This recognition acknowledges the extensive time and effort Rune Dyvik has dedicated in developing ASTM Standard Designation D8295 “Standard Test Method for Determination of Shear Wave Velocity and Initial Shear Modulus in Soil Specimens using Bender Elements.” These efforts on this standard are greatly appreciated by Committee D18.
The award was originally to be presented on June 29, 2020 at the Main Committee Meeting of D18 in Boston, MA, but due to the Covid 19 pandemic and associated restrictions the presentation ceremony has been postponed several times. The ASTM award was therefore shipped to Rune at this time.
Determination of initial shear modulus
The initial shear modulus, Gmax, of a soil is an important parameter for a variety of geotechnical design applications. For example, Gmax is needed to analyse and study the effect of soil-structure interaction in cyclic or dynamic loading situations, such as for earthquakes, wave loading and various sources of vibrations. The initial shear modulus is normally associated with soil shear strain levels of about 0.001% and below, for which Gmax is relatively constant and a maximum shear modulus value for a soil.
The piezoceramic bender element is an electro-mechanical transducer which is capable of converting mechanical energy (movement) either to or from electrical energy. The bender elements are installed in a variety of standard laboratory equipment types, for example triaxial, direct simple shear and oedometer devices. The transmitter element is mounted in the top cap and the receiver element in the pedestal.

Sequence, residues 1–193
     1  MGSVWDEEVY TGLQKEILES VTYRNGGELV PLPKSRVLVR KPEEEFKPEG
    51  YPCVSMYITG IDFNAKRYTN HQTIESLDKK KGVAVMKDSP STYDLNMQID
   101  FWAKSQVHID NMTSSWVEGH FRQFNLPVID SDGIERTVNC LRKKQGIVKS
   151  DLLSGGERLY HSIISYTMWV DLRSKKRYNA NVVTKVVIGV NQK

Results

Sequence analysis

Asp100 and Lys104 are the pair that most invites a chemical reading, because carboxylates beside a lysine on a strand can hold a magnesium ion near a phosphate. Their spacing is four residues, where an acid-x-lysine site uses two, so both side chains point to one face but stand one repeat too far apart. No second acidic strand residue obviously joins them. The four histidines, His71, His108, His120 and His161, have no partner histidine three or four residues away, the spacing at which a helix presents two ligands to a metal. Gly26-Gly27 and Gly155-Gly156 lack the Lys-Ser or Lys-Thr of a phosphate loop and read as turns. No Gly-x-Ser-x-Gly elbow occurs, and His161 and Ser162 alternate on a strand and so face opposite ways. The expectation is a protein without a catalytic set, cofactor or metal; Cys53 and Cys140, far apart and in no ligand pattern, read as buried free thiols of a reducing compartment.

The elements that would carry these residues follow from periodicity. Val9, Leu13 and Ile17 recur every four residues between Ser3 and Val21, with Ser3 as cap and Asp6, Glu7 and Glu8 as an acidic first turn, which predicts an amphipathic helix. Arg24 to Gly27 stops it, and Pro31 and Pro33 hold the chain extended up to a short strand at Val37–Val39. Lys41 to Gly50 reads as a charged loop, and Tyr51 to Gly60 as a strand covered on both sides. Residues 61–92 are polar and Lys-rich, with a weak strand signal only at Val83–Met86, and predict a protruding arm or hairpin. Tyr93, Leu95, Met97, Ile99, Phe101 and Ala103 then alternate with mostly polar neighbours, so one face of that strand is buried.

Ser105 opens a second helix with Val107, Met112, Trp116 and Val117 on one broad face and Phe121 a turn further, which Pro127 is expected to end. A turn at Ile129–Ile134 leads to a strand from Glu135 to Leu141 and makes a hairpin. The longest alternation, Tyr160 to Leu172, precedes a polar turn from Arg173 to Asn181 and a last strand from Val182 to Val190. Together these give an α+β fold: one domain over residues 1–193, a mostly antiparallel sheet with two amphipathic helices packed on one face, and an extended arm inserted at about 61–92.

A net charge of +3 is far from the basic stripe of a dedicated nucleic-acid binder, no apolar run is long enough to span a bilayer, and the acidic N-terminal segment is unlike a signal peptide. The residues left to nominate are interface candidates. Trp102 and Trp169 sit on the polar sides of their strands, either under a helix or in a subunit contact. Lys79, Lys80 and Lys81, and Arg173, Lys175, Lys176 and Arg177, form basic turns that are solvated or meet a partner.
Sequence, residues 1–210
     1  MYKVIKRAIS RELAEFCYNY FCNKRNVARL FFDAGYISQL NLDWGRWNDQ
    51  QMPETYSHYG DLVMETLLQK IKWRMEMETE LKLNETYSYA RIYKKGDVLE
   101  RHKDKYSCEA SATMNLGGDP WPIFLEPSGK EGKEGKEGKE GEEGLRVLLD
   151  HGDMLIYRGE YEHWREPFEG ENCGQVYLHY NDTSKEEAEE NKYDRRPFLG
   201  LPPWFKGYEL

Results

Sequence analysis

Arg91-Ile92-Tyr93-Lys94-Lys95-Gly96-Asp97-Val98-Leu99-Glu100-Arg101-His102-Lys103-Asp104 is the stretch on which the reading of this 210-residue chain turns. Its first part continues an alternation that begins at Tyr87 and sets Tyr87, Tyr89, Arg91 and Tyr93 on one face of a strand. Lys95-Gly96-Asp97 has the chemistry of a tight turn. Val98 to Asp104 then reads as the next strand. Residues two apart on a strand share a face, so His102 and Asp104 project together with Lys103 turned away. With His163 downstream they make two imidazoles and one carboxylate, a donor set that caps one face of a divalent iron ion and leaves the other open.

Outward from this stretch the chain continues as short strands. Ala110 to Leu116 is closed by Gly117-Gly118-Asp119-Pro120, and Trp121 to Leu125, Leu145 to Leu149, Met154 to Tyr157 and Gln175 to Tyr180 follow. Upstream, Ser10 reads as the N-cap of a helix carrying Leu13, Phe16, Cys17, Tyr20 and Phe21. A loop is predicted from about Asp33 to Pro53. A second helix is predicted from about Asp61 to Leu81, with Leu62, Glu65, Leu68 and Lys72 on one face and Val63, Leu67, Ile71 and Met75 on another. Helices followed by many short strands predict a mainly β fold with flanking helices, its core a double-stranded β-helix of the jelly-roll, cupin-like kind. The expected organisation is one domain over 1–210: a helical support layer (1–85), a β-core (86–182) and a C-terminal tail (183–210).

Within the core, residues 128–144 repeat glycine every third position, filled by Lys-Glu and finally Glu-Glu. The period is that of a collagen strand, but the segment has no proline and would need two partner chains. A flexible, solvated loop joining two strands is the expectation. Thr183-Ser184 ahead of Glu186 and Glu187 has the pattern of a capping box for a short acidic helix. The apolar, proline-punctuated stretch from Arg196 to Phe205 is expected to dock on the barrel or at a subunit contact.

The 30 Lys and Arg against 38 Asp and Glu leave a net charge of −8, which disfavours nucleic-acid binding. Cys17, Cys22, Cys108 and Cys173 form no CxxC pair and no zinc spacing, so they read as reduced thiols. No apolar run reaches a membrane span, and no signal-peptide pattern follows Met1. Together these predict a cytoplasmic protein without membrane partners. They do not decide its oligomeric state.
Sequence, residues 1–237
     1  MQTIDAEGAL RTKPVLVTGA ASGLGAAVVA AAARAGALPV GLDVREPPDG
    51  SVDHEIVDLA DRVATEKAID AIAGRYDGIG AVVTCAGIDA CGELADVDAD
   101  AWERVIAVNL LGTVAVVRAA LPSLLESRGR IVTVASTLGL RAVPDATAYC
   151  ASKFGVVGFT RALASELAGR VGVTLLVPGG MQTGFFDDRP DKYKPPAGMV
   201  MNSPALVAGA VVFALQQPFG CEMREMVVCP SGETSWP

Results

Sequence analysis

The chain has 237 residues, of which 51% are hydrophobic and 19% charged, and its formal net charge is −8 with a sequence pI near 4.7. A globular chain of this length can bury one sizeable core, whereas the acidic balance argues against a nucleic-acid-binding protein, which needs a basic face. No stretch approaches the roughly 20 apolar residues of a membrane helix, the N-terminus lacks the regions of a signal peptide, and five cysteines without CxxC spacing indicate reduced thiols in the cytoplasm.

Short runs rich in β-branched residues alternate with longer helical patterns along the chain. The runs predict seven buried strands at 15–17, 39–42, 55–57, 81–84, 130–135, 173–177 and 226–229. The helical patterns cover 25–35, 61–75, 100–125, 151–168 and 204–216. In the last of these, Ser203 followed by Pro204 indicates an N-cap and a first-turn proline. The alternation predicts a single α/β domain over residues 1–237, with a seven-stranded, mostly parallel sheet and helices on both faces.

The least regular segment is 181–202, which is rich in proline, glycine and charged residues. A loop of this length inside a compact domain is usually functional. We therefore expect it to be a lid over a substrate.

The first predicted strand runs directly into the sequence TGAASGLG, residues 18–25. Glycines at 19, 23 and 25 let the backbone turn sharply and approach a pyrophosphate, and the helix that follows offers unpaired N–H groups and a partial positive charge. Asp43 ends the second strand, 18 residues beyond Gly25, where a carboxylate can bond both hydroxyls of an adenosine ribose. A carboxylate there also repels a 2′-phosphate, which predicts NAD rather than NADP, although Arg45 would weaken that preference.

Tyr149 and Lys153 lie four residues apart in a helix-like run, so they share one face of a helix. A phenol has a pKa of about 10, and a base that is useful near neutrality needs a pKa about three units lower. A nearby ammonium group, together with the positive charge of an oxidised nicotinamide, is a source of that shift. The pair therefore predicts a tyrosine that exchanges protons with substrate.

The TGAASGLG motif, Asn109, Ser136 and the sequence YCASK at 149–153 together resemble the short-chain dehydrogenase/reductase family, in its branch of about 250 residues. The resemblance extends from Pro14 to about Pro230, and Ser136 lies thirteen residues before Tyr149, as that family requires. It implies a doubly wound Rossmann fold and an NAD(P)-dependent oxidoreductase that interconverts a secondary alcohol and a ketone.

During a test, the shear wave travel time from top to bottom of the specimen is measured by a digital oscilloscope or on a computer, resulting in a shear wave velocity for the soil specimen. Gmax is calculated from shear wave velocity and soil density. Bender element determinations of shear wave velocity are non-destructive. These measurements can therefore be taken at any stage of a triaxial, direct simple shear or oedometer test without interfering with the particular test itself.
The test method has been in use at NGI since 1985, but there has not been an established standard for how to conduct such tests, until now. See also link to PDF on the Bender element test.
The Norwegian Geotechnical Institute (NGI) is a leading international centre for research and consulting within the geosciences. NGI develops optimum solutions for society, and offers expertise on the behaviour of soil, rock and snow and their interaction with the natural and built environment. NGI works within the markets Offshore energy; Building, construction and transportation; Natural hazards, and Environmental Engineering. NGI is a private foundation with office and laboratory in Oslo, branch office in Trondheim, and daughter companies in Houston, Texas, USA, and Perth, Western Australia. NGI was established in 1953.